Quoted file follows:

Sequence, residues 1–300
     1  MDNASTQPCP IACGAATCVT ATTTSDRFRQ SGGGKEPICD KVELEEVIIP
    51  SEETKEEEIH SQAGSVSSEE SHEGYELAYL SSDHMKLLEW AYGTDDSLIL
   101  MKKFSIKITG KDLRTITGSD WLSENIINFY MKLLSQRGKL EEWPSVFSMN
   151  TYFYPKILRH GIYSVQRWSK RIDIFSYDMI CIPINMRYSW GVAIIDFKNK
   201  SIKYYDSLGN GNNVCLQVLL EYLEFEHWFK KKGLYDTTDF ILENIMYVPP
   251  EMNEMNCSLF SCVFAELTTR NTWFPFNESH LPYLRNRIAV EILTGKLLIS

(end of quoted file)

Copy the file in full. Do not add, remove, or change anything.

Sequence, residues 1–300
     1  MDNASTQPCP IACGAATCVT ATTTSDRFRQ SGGGKEPICD KVELEEVIIP
    51  SEETKEEEIH SQAGSVSSEE SHEGYELAYL SSDHMKLLEW AYGTDDSLIL
   101  MKKFSIKITG KDLRTITGSD WLSENIINFY MKLLSQRGKL EEWPSVFSMN
   151  TYFYPKILRH GIYSVQRWSK RIDIFSYDMI CIPINMRYSW GVAIIDFKNK
   201  SIKYYDSLGN GNNVCLQVLL EYLEFEHWFK KKGLYDTTDF ILENIMYVPP
   251  EMNEMNCSLF SCVFAELTTR NTWFPFNESH LPYLRNRIAV EILTGKLLIS